Istanbuller wrote:No one would go bankrupt if there was a free market healthcare. Demand and supply forces of market would set a price which everyone can have access to healthcare.
On the other hand, Democrats wants otherwise. They want to nationalize the entire system. They pump taxpayers money into it. You call it Obamacare in America. In every 5 to 10 years, these nationalised healthcare systems go bankrupt everywhere in the world. Poeple lose their retirement savings due to it.
Medical bills are the #1 leading cause of bankruptcy. I don't know why you believe a free market approach to health insurance would solve this, because that's pretty much what we have in America now.
I'm going to be generous here and assume you have an understanding of insurance. Do you think state insurance boards are somehow making the market less efficient, in that approved insurance providers within a state having a base level insurance contract (before riders) is inefficient? How does a free market approach handle people with pre-existing conditions, from birth or accident?
The simple fact of the matter is that people aren't free so long as health care is privately run. You are not free if you are constantly worrying about how a small accident will leave you homeless. Roughly one third of working adults in America have no savings, and an unexpected $500 expense could ruin them. The only thing an insurance market can offer these people is shitty plans with high deductibles and high copays that are absolutely ruinous.
Insurance pools are based on risk, and that risk is taken on by private enterprise. They need large pools of insureds because they operate on the law of large numbers, not unlike a casino, in order to provide insurance. For the poor, there are simply not enough people who can buy into these insurance pools because they just can't afford it. When it comes to eating or paying rent now or mitigating potential future loss (which is literally the point of all insurance; mitigating future loss) they will choose to eat now. Insurance is simply not an option for the working poor, because they do not have losses to mitigate. Why would you pay a monthly premium for a future loss you can't afford to cover, even with insurance?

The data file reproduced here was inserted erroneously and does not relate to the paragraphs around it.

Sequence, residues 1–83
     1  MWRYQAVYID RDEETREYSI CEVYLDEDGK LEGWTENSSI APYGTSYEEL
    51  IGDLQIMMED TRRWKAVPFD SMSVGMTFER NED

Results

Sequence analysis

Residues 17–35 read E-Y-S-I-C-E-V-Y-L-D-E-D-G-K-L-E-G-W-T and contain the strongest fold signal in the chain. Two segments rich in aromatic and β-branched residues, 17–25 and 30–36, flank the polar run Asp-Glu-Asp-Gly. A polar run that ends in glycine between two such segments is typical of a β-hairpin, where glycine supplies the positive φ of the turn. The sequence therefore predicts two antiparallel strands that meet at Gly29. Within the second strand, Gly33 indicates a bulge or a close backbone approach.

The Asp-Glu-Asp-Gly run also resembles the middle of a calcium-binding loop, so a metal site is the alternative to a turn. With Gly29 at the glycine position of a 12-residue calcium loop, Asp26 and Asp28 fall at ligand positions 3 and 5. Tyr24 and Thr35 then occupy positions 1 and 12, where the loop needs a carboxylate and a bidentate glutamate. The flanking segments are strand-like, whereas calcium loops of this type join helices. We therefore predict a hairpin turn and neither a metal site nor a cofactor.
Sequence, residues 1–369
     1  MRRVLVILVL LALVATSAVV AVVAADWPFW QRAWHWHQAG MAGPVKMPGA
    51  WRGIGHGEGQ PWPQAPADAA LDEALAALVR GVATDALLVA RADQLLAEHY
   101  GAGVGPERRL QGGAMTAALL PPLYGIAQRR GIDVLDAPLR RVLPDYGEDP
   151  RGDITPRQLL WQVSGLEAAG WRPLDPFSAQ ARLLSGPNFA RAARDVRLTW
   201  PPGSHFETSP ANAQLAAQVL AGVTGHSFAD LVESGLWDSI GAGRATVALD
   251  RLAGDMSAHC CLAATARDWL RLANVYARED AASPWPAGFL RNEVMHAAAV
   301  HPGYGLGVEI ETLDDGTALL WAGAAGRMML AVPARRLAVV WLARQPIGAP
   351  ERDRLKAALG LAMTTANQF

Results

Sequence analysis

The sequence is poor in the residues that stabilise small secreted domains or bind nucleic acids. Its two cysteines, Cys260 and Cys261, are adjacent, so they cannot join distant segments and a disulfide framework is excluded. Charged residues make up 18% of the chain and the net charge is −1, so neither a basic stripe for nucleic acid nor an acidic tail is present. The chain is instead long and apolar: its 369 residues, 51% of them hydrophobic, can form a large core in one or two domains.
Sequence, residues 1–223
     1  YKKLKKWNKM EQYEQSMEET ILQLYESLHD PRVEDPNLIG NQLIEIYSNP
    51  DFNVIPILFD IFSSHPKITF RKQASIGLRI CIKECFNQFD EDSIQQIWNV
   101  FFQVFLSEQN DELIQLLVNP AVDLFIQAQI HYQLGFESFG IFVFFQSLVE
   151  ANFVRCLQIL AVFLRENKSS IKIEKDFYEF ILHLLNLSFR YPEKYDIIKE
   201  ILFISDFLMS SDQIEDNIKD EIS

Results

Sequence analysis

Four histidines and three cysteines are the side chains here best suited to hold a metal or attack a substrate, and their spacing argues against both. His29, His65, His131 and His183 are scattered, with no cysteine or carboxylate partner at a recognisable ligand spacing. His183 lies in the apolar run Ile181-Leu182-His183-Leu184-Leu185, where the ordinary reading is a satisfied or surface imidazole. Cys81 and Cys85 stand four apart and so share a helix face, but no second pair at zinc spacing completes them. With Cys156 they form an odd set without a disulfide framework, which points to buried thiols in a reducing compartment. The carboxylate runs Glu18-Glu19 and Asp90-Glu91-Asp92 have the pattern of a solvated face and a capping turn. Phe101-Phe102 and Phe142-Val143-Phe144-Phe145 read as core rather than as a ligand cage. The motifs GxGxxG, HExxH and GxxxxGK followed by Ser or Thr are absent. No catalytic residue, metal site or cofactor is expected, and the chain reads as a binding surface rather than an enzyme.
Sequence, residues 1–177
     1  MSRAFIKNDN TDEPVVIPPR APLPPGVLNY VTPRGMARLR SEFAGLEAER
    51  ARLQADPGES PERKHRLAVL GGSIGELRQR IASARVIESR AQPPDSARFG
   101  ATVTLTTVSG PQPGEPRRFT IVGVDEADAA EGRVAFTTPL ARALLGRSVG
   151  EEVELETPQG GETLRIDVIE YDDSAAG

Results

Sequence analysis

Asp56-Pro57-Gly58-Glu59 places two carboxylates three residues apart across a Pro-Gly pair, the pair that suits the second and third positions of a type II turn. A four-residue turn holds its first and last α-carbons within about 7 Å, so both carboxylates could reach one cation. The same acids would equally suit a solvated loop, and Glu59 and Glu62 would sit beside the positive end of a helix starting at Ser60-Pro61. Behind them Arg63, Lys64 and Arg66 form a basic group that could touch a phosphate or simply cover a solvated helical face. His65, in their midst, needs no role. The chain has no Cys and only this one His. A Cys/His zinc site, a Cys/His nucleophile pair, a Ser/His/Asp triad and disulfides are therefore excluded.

I've said this before: The ACA is great if you need prescriptions or preventative care via regular doctor's visits and whatnot. But the ACA did not solve the problem of catastrophic insurance. Even if you're of moderate means and can spring for subsidized Platinum care, you are still royally fucked if you have a $5,000 deductible and then you have a 10% copay if, for example, you get mowed down by a Chud who thinks protests are gay and that it's fine to run down protesters
Even in the most generous plan, you pay $5,000 deductible and then a 10% copay for services rendered after that deductible. Let's say you require $150,000 in surgical procedures after Karen Mc'AGA runs you down in her SUV because you were holding a BLM sign and were standing between her and the McDonald's drive-thru. Your out of pocket expenses would be (($150,000-$5,000) * 0.1) + $5,000) = $19,500. That's not something the average American can afford. That's a couple years of debt, at least, if you're a severe penny pincher operating on a median salary of $50-$60K.
And then on top of that you would require long term care, which is not provided by the ACA, if you need physical therapy. Or if you need in-home care because you can't wipe your ass or cook food while you recover.
The only logical choice is Single Payer, and leveraging the buying power of the entire country to demand the best prices. And that's if you must insist that it be done under a capitalist model. One thing I have noticed with free marketeers is how they think government programs that run at a deficit operate like a business, in that they are failing if they do not generate revenue. When social programs run at a deficit that is not a loss, that is money spent on their citizenry. Every negative dollar represents an investment in the populace.